Dar on year-old rice tariff law: Farmers are the winners
The country’s Agriculture chief described the controversial rice tariffication law (RTL) as the “best reform that ever happened to Philippine agriculture” despite pleas from small-scale farmers and other organized groups to review the policy because of its repercussions to the poorest stakeholders of the rice industry.
Speaking during the first year anniversary celebration of the RTL in Urdaneta, Pangasinan, on Thursday with Sen. Cynthia Villar, Agriculture Secretary William Dar said the liberalized importation law would make Filipino palay farmers more competitive and on a par with their counterparts from neighboring rice-producing countries like Vietnam and Thailand, where most of the country’s rice imports come from.
He also noted the year-old policy has resulted in more rice options for consumers. “Just after a year [since the law was passed], there are already several rice variants available in the market … Consumers now have a choice from regular milled, well-milled and fancy rice varieties,” he said.
Both Dar and Villar said they were banking on the annual P10-billion rice competitiveness enhancement fund (RCEF) under the RTL to cushion the impact of low palay prices, which continued to hover between P12 and P17 a kilogram against rates from the previous years between P15 and P20 a kilo. Villar is the proponent of the law.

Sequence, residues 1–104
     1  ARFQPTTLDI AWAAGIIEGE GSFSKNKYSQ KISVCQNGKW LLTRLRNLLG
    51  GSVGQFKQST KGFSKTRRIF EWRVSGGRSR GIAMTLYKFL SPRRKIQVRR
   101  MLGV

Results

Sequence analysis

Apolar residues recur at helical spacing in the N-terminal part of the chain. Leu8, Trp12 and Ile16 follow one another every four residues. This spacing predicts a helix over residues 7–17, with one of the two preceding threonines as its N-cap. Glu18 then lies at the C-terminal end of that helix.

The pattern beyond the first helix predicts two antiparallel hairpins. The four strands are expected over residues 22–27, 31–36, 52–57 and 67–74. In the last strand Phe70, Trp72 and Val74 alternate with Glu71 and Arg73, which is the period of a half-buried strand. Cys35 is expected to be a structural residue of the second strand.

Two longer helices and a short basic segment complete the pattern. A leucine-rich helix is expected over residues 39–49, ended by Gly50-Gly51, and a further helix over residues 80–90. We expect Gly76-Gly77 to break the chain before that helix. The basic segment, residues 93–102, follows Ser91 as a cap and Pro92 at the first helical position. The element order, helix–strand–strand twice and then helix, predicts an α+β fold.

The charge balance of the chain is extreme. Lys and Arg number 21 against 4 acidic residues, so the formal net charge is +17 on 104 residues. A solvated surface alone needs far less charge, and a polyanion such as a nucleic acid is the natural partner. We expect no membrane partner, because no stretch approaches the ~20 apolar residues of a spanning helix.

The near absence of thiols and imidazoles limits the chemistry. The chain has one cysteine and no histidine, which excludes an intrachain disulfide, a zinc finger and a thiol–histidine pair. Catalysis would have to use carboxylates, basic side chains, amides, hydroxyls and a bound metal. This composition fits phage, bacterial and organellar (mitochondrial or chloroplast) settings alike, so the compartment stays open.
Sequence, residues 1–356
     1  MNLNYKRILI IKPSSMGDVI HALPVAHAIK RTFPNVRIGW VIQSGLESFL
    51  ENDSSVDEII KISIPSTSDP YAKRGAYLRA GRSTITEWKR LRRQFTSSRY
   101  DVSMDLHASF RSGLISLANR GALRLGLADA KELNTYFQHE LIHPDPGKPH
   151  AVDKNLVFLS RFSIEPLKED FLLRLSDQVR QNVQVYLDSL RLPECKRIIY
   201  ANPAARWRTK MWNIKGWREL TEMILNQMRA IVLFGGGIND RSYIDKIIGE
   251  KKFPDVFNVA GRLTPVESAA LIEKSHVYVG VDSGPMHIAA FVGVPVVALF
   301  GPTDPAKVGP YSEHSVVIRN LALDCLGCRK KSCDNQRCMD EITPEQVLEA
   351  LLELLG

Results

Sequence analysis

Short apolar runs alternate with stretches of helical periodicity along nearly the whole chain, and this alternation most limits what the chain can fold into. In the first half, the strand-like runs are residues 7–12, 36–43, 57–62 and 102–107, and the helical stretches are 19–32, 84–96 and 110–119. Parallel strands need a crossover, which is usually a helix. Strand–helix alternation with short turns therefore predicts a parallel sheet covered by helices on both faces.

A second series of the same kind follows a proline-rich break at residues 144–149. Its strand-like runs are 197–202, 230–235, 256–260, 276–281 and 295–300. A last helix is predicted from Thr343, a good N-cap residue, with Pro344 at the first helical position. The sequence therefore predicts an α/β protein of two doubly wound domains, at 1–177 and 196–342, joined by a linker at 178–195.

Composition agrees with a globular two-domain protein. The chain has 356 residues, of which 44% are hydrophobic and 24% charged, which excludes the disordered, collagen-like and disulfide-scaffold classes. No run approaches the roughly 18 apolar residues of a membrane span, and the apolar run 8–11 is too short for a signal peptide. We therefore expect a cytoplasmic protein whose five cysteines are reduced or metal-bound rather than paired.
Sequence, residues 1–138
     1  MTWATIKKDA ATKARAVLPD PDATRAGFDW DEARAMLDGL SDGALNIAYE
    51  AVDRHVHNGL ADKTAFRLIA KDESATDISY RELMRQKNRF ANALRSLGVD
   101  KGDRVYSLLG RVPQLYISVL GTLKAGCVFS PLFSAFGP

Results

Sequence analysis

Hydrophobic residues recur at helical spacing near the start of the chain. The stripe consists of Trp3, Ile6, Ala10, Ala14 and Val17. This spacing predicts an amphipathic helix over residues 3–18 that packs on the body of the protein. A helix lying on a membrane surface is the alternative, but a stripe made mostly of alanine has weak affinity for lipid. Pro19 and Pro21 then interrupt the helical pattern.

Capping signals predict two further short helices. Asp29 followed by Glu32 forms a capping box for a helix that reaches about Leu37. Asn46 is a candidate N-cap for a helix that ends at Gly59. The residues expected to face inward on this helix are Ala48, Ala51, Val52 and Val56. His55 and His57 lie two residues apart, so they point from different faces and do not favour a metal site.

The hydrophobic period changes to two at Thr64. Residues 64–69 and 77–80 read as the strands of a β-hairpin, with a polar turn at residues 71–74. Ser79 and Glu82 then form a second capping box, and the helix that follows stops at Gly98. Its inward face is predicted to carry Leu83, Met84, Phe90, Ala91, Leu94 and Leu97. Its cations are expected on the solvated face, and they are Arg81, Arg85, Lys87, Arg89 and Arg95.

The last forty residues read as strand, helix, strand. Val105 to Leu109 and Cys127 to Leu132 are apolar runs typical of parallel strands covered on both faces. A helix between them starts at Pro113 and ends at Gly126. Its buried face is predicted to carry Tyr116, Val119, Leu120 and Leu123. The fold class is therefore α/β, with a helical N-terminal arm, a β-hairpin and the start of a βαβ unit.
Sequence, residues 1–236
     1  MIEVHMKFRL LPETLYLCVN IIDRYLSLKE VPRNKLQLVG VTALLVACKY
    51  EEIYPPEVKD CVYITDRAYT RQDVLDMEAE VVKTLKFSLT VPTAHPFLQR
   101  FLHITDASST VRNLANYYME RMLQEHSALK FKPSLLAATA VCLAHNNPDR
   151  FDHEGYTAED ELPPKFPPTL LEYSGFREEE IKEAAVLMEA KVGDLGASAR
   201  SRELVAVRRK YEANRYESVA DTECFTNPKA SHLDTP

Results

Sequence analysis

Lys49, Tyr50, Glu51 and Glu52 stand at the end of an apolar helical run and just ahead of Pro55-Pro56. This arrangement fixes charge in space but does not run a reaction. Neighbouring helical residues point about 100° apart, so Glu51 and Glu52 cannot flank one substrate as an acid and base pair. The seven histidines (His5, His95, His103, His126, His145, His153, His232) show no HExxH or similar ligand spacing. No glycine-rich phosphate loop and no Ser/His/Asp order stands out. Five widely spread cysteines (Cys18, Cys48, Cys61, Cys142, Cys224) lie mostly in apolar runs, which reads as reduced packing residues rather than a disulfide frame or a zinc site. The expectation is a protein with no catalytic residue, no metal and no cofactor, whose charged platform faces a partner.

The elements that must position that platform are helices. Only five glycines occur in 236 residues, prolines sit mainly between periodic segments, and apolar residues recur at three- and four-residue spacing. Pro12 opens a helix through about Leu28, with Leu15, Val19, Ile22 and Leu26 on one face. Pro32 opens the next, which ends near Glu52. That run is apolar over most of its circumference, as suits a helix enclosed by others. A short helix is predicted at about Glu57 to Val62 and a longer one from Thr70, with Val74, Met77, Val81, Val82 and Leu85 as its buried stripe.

As of February, however, the RCEF has not been fully given to the beneficiaries. Except for credit, other components such as provisions for seeds, extension services and mechanization have yet to be completed.
After imported rice flooded the local market, small-scale farmers who were not able to sustain the impact of tumbling palay rates have either sold their lands, migrated to the city or cut their planting activities.
Nonetheless, Dar noted that “under RTL, Filipinos are the winners, rice farmers are the winners.”
Groups like Bantay Bigas, Ibon Foundation and Amihan Women continued to rally for the amendment of the policy, while organizations such as the Federation of Free Farmers, Samahang Industriya ng Agrikultura and Alyansa Agrikultura have been urging the Department of Agriculture to impose additional safeguard duties on rice to control the arrival of imported rice.
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